But, like Sin, he’s ambitious and particularly politically. As an understudy for the late cardinal, he’s adopted much of his mentor’s confrontational style. Like Sin he believes Congress should be led by the Church on a number of issues and be involved, in some form, in the policymaking process.
Far to the Left he believes in mob power and has used it on the streets on a number of occasions – such as in Tondo to protest the deployment of Philippine Army personnel in parts of Metro Manila, and as the self-appointed people’s land-reform spokesman to stage anti-government protests in support of land claims by Bukidnon farmers.
An elder statesman of the CBCP, Pabillo is a former executive secretary of the potent and politically progressive National Action for Social Justice and Peace (NASSA) whose network reaches down to every parish in the archipelago.
As NASSA head and also head of the CBCP’s Episcopal Commission on Social Action and Peace, Pabillo worked at the forefront of the Church’s political campaigning for years. And he still does. As one CBCP admirer of Pabillo’s firebrand style of confrontation politics remarked shortly after Sin’s death: “He will energise the social action of the Church.” If Duterte is Marcos incarnate, Pabillo is the reincarnation of Sin.
Bishop Iñiguez, the former bishop of Caloocan and now retired – we’ll come back to that in a moment – was chairman of the CBCP’s Public Affairs Committee and its self-appointed spokesman on gay issues. Under his forceful leadership, the bishops banned homosexuals from taking part in a two traditional public festivals – Flores de Mayo and Santa Cruzan – stating that their participation would be “abnormal”.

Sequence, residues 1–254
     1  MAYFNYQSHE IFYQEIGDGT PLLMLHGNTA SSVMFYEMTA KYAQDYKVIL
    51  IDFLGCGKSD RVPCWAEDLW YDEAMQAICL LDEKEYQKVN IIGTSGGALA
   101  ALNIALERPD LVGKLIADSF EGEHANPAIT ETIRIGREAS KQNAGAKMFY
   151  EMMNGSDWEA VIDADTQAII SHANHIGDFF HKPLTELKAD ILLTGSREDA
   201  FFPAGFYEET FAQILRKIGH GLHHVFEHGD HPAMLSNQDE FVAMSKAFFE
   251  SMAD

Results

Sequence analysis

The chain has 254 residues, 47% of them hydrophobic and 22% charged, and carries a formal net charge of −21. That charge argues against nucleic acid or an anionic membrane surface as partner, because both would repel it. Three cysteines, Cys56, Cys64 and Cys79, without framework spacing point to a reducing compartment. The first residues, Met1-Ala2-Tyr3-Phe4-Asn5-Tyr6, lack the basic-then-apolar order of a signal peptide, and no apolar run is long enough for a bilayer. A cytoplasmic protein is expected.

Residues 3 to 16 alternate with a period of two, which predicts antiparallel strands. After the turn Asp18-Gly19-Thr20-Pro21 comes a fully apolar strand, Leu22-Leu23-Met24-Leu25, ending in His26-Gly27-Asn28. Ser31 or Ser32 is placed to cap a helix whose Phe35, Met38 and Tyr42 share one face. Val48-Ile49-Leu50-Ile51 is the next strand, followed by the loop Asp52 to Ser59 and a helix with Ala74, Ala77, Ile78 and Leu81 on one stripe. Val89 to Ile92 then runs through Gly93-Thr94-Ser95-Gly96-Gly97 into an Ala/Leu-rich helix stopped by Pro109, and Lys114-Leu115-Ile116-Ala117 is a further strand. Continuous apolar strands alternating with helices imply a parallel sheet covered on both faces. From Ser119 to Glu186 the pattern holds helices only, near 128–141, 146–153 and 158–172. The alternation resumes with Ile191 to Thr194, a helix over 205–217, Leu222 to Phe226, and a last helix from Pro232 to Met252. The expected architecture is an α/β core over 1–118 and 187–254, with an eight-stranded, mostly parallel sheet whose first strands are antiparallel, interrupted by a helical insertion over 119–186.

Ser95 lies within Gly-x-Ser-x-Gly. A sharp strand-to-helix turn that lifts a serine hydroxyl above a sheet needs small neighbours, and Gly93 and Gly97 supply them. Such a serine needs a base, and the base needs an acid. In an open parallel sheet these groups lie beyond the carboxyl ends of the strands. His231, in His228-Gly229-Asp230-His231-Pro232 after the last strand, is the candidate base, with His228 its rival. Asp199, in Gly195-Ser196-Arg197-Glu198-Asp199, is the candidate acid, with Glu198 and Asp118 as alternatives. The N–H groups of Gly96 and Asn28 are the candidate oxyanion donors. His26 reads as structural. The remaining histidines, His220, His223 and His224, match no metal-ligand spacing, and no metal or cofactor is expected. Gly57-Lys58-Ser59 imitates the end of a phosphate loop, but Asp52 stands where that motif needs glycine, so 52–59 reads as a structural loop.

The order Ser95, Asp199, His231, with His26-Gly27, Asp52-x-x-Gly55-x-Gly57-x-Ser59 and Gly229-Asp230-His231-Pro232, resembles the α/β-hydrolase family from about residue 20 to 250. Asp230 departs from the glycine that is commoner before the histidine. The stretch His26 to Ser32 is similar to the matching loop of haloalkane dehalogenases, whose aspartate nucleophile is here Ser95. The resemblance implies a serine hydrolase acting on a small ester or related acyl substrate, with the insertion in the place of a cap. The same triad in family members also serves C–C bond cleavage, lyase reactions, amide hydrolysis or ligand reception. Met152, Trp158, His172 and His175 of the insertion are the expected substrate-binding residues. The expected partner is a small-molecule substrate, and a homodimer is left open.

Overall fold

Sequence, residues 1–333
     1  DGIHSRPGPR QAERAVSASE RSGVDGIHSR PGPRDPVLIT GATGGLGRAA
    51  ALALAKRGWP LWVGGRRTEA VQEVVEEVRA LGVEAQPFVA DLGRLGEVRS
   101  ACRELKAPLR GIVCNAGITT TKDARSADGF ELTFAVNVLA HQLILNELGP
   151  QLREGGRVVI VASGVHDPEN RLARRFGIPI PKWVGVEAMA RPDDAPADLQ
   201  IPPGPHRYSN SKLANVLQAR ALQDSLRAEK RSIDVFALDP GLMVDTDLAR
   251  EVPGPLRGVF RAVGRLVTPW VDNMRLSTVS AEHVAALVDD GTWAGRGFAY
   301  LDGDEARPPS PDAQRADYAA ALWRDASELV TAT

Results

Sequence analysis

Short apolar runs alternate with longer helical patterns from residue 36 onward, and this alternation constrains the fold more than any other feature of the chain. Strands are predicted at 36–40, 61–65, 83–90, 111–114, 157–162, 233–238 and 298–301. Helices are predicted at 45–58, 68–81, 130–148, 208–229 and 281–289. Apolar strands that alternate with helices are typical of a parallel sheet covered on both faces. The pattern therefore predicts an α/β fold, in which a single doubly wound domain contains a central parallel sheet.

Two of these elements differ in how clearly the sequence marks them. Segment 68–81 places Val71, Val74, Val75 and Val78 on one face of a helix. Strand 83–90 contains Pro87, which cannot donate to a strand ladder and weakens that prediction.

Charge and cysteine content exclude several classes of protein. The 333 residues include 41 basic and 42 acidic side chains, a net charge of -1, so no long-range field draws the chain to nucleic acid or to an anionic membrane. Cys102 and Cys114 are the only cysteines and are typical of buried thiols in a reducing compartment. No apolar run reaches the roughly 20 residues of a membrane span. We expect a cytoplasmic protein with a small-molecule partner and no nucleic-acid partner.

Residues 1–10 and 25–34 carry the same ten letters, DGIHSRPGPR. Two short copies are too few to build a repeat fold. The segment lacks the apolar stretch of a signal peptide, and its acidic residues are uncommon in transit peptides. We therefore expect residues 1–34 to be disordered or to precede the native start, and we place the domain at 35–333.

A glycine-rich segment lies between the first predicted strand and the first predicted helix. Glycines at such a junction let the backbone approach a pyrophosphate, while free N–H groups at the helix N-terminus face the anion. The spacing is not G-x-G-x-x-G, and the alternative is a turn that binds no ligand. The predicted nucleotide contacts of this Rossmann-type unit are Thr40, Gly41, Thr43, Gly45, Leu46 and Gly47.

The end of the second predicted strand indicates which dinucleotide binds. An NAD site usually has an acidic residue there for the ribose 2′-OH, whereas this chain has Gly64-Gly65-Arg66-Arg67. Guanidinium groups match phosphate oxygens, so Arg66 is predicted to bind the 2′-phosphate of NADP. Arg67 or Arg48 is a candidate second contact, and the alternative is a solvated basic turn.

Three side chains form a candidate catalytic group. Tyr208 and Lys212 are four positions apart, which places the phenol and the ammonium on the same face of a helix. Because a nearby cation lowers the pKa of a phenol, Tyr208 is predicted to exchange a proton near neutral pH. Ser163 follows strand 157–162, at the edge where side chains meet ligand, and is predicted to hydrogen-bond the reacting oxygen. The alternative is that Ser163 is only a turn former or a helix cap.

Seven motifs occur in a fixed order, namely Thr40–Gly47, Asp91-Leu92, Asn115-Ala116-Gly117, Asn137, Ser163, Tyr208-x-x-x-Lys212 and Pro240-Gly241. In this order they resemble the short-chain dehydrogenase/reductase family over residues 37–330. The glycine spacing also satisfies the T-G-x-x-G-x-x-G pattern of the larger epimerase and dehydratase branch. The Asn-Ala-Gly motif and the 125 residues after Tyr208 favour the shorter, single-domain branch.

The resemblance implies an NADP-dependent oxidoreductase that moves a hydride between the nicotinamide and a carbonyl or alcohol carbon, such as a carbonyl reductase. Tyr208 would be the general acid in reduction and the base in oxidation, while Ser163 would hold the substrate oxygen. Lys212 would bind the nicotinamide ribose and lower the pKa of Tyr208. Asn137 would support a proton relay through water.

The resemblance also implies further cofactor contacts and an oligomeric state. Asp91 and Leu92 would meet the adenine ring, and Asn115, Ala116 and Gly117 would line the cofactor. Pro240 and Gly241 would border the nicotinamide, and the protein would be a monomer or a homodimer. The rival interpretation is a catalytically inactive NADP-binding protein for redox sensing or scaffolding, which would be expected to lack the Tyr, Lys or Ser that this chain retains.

In 2009, he called for radio stations to ban the song, Nagmamahal Ako ng Bakla (I Love Gay Men) by Dagtang Lason. Earlier he’d successfully pressured Alpha Music Inc. to withdraw all copies of Banana by Blank Tape from distribution. The following year he attacked a Supreme Court decision that allowed a gay-rights party-list group – Ang Ladlad (with 22,000 registered members) – to participate in the May elections. “Allowing them to have a chance to take a seat in Congress is approving and encouraging an abnormality,” he told reporters at the time.
So Iñiguez is a champion of the people – hence his participation on Thursday – just not the gay ones.
Interestingly, Iñiguez ‘retired’ in 2013 – two years before his 75th birthday; the official retirement age for bishops – without any proper explanation. His resignation was accepted by Pope Benedict XVI under Canon Law 401 [paragraph 2] which states this: “A diocesan bishop who has become less able to fulfill his office because of ill health or some other grave cause is earnestly requested to present his resignation from office”.